As in the past, location, business, resources and partnerships are still the corner stones of future Japan – Eritrea relations. Eritrea has tried its level best to forge partnership with Japan through the TICAD process but the challenge is still there because of post cold war considerations and the usual geo-political reasons.
Q:—The constitution of Eritrea is not enforced yet. Is the Government’s democratization effort progressing?
Ambassador Estifanos Afeworki: Eritrea’s past or present history is based on hard facts. Eritrea was home to US military multi-faceted secret military bases code named Truck A, B, C, D, E, F, G and H from 1941 to 1976 all over its territories. It is in this particular period Ethiopia backed by the US decreed a detention law preventing our right for peaceful public gatherings, arrested news paper editors, banned freedom of press, shut down independent publications, drove prominent leaders of Eritrea into exile, banned our trade unions and political parties, replaced the Eritrean flag with its flag, forbade using our language in our schools, moved industries from Eritrea to Ethiopia dissolved our parliament and the federal constitution, etc. Eritrea knows these because it came out of age through them and other experiences including unduly and unnecessary interferences in its contemporary history from Israeli, USSR, WARSAW PACT, Cuba, Iraq, Yemen (Aden), Syria and Bin Laden.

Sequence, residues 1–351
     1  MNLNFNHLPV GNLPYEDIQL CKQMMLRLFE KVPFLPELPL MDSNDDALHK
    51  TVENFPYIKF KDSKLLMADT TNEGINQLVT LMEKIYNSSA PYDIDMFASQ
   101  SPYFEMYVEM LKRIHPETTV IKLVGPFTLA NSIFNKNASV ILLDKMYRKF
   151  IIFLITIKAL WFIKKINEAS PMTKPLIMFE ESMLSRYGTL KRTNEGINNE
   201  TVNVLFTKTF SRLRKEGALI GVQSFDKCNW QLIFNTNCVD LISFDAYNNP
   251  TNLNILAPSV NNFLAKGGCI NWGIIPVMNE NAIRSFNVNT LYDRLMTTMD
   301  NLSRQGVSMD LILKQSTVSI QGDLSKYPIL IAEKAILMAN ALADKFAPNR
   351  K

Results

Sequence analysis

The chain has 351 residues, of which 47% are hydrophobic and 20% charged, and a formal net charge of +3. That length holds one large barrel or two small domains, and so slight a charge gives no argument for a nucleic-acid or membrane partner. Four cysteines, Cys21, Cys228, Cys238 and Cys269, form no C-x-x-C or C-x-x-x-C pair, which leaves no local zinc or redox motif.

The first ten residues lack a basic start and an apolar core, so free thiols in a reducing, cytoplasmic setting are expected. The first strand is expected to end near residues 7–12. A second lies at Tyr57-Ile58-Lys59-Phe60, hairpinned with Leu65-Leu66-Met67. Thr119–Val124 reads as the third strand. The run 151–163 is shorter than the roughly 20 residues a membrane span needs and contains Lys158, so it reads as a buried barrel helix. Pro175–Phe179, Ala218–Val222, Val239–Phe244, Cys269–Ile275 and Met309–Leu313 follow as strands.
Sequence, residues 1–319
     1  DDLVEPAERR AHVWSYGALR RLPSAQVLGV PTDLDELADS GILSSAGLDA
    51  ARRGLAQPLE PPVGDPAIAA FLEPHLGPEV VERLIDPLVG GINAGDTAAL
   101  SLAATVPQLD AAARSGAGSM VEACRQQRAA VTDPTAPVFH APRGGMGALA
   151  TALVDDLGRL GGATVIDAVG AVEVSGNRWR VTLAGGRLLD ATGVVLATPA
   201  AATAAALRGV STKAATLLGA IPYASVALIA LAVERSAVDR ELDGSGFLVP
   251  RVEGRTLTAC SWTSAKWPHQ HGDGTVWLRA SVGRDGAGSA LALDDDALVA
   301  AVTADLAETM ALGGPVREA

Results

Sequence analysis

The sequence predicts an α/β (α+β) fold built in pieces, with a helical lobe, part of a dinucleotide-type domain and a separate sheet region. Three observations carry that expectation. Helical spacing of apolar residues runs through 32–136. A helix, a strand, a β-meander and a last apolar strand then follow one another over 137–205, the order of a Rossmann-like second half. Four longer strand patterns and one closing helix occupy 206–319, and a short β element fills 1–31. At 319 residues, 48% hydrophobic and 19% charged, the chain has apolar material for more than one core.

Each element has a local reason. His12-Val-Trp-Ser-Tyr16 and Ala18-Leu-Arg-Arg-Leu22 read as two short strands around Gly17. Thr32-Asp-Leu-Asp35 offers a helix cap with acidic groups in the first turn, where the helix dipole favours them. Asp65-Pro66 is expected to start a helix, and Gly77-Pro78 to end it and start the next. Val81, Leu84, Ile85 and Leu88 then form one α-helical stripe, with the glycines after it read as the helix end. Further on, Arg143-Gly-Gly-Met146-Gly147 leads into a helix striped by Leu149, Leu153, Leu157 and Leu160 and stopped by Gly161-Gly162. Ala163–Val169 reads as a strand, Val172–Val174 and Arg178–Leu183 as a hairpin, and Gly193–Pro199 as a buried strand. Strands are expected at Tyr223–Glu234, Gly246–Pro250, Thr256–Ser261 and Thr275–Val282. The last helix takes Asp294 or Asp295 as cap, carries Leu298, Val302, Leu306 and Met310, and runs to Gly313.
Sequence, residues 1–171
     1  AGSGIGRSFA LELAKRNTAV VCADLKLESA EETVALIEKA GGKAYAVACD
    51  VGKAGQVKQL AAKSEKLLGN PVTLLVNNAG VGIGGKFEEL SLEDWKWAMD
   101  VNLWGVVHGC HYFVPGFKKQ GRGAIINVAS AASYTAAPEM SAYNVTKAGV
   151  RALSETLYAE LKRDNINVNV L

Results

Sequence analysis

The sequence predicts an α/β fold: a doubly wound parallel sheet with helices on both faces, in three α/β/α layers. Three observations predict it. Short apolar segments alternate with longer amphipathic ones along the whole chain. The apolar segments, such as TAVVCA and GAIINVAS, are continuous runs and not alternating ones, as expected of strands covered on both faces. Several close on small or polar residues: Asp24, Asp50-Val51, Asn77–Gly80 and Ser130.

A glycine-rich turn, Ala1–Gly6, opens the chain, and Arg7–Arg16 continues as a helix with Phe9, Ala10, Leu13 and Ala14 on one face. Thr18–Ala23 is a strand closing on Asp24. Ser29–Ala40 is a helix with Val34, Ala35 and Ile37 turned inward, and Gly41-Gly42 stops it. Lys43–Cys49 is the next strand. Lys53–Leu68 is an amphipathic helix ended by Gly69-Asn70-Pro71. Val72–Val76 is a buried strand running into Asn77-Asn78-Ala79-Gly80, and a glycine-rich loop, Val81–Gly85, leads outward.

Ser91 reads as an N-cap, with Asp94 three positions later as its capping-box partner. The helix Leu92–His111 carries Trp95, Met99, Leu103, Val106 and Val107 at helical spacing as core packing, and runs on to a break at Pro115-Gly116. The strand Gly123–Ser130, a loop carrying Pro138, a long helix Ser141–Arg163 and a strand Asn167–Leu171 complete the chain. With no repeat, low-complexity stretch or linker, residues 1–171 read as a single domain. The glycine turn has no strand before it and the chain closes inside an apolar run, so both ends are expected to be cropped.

Eritrea got its independence after 30 years of a protracted long war of liberation for dignity. Eritrea didn’topt for unilateral declaration of independence – though EPLA totally defeated Ethiopian Revolutionary Army – against all odds, the mighty and biggest army in Africa backed by the USSR in 1991; but it put the choice of independence into a ballot box in 1993. Eritrea went after this historical vote for independence by the people into rebuilding a war-ravaged nation including but not excluding a new constitution. This process of nation building was stopped and stalled by the total declaration of all out war and attempted military invasion of Eritrea by Ethiopia from 1998 to 2018.
Q:—Eritrea has a border dispute with neighboring Ethiopia. Are there any prospects for peace?
Ambassador Estifanos Afeworki: Final and binding Peace Agreement was signed in Algeria ending war in 2000. Its implementation has been stalled once by Ethiopia for the last 20 years until the new government in Ethiopia lead by PM Abey changed the course accepting unconditionally the final and binding Eritrea Ethiopia Border Decision of 2002 and by signing Joint Declaration of Peace and Friendship with Eritrea on July 9, 2018. Subsequently Eritrea and Ethiopia relations have come to a new historic course i.e. united for peace, stability, prosperity and regional cooperation. Harmony and rule of law is essential for building political democracy and sustaining regional peace. A new chapter of history for the region is in the making, which I believe must be naturally supported by all the public and private sector of Japan.
(Interview by Shu Tamaru, FEC Counsell